Friday, May 16, 2014

Flash Fiction Friday: A Thousand Lives . . .

Today for Flash Fiction Friday, the beginning of a story that went no where, title A Thousand Lives . . .
Death doesn't care.
You can be brave, fearful, not go gently, or welcome it.
Death does not care.
Death will come.  Death will take you.  From the battlefield where your shattered body lies alone in mud and blood.  From the sanitary hospital bed with white sheets and your loved ones around you.
Death does not care.  It will take you.
I'm on a first-name basis with Death.
Everyone lives once.  Everyone dies once.  Everyone, that is, but me.
I've had a thousand names.  I've died a thousand deaths.  I am not a coward; I am not brave.  I am not human.
We first came to this planet when your ancestors where finding out that throwing rocks was an efficient way to kill animals.  Or each other.  We were evolved beyond bodies.  We traveled in vessels of pure energy, storing our consciousness in the interlacing electromagnetic pathways.  I was as big as a galaxy.  I was as small as a quark.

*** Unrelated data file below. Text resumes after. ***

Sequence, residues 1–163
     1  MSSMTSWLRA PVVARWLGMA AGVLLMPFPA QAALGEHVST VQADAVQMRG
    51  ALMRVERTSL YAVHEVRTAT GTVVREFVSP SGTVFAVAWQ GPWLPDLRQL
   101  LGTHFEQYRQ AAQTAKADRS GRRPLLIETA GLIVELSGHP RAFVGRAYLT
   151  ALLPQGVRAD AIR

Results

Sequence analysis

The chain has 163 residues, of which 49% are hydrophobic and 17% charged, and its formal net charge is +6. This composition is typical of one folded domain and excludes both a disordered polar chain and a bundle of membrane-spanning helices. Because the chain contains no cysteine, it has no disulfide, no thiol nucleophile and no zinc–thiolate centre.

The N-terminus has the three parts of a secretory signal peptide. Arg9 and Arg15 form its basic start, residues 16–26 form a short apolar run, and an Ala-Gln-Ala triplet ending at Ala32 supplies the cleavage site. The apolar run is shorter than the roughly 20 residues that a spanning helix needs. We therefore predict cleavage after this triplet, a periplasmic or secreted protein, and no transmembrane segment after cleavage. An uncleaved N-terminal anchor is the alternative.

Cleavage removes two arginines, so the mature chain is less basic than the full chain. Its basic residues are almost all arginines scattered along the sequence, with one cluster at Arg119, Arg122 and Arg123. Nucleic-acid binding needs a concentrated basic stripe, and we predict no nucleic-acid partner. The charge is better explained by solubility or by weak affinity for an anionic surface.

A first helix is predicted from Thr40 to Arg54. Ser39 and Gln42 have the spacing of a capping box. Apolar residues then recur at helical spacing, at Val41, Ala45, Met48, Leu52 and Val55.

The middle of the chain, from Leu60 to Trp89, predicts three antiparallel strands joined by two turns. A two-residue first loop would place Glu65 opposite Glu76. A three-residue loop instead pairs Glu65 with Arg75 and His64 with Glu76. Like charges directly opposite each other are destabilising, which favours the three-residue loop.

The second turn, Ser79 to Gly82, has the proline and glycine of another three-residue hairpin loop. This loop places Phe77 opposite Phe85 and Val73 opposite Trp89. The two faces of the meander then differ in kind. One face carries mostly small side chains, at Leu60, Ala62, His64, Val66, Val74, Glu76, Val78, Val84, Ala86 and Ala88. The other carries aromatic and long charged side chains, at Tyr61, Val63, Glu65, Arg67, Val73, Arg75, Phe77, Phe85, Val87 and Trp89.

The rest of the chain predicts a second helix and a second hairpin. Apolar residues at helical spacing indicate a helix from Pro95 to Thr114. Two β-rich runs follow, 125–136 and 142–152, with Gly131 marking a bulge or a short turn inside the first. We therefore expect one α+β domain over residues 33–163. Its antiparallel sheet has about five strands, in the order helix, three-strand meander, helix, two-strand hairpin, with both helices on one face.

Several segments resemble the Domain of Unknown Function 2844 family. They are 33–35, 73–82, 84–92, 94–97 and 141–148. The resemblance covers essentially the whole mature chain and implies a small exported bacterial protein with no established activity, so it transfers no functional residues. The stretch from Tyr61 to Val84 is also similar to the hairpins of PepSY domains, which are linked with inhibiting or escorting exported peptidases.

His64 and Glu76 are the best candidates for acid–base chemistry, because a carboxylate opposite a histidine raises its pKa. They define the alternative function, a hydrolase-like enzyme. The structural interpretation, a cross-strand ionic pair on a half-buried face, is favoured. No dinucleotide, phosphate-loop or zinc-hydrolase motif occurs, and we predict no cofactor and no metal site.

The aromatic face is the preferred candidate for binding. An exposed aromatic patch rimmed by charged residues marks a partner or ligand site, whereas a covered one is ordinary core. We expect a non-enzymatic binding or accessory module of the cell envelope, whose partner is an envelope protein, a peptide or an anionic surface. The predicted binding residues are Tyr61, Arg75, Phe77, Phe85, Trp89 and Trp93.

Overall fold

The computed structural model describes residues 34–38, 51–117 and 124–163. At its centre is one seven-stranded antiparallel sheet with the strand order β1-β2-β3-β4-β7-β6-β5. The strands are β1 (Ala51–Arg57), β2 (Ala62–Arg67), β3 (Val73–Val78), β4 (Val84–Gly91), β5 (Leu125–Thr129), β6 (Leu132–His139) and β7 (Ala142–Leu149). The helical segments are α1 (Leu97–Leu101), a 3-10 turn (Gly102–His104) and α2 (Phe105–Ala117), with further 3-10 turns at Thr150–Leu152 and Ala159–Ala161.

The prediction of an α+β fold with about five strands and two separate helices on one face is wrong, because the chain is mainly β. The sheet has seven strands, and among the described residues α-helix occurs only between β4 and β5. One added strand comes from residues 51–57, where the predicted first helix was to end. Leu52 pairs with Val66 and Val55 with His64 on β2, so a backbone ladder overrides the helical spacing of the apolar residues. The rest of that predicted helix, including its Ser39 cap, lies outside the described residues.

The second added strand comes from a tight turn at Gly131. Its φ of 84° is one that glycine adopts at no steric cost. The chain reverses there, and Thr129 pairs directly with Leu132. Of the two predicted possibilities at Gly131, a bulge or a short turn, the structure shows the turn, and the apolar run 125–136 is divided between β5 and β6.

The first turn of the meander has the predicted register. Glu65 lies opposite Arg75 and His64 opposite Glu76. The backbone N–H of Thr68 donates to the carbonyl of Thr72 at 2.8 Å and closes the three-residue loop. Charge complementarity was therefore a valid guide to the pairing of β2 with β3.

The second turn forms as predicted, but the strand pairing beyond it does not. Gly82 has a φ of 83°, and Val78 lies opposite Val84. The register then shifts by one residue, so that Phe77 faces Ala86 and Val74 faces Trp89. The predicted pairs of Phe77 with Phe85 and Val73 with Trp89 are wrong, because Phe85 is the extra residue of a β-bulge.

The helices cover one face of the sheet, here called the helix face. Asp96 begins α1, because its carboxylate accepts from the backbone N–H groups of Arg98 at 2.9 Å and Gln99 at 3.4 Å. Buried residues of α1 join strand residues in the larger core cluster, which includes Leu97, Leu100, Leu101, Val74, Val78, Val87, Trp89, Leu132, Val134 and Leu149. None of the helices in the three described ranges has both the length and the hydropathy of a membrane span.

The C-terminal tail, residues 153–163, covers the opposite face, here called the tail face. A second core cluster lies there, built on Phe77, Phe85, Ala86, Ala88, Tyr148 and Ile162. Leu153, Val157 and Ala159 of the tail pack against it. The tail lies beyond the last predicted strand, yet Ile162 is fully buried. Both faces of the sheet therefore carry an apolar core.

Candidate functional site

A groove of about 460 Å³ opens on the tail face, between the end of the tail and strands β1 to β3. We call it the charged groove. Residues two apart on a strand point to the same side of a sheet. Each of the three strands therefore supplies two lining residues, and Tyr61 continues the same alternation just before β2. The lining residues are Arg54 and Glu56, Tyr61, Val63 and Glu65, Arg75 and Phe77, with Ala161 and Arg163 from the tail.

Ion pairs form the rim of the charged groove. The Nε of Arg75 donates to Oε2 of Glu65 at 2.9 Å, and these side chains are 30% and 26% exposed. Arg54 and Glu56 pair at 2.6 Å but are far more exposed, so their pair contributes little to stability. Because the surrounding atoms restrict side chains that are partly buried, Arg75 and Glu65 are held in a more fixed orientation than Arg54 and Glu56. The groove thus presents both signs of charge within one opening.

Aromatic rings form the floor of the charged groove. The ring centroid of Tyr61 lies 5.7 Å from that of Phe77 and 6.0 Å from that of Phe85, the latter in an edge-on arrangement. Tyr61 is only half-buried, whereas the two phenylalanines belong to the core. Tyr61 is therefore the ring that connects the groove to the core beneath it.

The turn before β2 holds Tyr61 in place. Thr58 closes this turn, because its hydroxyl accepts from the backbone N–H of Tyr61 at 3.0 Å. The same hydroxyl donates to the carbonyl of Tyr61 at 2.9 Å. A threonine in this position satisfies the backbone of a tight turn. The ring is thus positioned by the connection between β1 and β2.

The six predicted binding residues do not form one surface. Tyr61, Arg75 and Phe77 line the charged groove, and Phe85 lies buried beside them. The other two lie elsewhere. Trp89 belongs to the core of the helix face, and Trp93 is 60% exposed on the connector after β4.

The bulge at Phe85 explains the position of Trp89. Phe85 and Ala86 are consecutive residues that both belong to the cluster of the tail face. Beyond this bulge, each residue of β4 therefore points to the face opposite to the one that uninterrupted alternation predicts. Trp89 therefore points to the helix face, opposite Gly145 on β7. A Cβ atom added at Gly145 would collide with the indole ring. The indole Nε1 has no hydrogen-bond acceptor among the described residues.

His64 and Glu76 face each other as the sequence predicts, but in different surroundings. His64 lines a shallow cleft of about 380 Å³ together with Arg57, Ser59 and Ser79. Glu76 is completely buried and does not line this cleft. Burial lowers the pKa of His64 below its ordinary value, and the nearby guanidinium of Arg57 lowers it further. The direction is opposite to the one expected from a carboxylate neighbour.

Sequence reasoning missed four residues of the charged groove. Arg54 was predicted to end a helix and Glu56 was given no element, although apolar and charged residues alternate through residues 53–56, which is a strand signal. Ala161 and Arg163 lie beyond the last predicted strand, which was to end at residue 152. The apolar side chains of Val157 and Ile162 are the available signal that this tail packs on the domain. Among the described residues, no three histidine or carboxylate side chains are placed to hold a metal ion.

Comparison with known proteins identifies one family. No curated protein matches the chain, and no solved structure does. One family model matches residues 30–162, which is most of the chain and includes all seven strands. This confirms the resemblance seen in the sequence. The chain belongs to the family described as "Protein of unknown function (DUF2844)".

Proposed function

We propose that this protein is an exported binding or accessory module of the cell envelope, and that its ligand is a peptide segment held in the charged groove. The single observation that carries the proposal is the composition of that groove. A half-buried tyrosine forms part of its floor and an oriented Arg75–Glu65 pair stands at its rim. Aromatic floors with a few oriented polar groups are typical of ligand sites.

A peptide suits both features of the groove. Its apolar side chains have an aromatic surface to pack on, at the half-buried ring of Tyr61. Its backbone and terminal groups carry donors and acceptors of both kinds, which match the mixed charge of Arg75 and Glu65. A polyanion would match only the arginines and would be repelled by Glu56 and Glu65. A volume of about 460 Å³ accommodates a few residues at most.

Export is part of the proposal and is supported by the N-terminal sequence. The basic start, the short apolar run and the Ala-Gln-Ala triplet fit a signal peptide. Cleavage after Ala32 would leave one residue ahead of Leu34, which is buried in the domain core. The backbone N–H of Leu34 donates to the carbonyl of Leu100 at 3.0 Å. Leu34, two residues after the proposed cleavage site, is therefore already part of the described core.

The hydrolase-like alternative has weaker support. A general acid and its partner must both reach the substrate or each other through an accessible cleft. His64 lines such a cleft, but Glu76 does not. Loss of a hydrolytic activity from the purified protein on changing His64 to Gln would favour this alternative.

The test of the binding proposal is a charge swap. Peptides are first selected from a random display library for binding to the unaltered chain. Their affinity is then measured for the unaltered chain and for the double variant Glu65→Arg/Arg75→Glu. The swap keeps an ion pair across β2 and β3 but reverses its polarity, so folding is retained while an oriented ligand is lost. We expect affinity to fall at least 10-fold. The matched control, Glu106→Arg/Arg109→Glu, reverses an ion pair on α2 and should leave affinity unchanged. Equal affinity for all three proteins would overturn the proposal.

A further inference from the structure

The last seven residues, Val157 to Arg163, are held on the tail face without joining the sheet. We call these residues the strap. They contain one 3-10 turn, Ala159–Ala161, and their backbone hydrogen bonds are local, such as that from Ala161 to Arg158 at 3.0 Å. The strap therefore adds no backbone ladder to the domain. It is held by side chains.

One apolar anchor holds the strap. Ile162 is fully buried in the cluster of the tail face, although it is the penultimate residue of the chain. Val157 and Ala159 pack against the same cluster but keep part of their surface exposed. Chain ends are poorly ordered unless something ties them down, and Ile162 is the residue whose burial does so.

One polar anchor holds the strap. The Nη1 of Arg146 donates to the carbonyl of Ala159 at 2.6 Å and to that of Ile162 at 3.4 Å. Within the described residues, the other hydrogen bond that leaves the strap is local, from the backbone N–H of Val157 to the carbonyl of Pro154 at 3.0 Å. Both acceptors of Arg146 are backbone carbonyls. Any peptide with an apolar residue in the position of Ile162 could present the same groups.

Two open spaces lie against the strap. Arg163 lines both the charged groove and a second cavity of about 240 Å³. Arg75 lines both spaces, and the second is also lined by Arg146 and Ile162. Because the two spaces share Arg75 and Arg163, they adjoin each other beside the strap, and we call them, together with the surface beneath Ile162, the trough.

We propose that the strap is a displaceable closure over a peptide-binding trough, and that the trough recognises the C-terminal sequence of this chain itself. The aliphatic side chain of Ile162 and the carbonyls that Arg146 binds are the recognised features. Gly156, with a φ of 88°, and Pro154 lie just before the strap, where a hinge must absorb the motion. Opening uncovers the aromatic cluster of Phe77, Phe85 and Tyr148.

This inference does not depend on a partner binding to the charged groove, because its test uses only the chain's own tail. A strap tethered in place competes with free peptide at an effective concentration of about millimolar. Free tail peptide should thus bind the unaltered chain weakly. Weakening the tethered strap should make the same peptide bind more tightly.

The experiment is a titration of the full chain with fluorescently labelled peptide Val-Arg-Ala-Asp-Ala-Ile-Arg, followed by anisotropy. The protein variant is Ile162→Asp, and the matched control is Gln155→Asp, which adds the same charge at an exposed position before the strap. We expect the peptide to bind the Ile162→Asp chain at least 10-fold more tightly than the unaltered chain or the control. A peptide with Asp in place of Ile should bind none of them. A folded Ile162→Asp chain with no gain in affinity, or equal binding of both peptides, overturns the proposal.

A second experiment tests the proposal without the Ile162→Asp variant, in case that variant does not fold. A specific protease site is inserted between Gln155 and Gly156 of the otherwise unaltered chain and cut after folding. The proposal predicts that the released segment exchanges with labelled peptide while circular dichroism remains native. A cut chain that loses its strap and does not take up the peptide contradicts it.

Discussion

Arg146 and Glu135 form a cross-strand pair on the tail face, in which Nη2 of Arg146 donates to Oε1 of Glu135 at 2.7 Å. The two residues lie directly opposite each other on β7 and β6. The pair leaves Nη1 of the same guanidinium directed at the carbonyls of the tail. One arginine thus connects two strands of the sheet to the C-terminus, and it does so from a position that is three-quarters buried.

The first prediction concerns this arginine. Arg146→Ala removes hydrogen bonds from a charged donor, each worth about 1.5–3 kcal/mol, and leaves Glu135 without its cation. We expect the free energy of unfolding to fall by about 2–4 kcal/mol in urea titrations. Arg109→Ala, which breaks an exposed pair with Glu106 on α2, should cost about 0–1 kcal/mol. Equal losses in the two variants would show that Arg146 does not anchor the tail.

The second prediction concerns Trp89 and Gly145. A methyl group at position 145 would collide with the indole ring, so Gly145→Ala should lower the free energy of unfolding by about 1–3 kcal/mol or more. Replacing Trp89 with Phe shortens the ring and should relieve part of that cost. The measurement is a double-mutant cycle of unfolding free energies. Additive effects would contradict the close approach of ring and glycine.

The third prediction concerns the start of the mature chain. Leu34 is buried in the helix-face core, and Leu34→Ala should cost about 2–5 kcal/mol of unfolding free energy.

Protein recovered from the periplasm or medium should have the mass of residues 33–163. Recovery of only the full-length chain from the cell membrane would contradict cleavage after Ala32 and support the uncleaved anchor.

We found corporal beings vulgar yet amusing.  Like you keep a goldfish simply to watch it swim in its unknowingness, we watched you.
Until the accident.  Until the one thing that could never ever happen did.
I got lost.
On your planet, I got lost, left behind.
You might think me a spirit or a ghost.  I'm not, I'm just immortal yet I needed a body to live in.  No, I don't understand it.  I'm a billion times smarter than your smartest scientists and I don't know why I am cursed to live on this planet, one life after the other.  I die, and wake up in a new body, a baby, a boy, a girl, black, white, yellow, red.  I've been a slave (more times than I care to count), a king, a peasant, a whore, a prince, a nun, a warrior.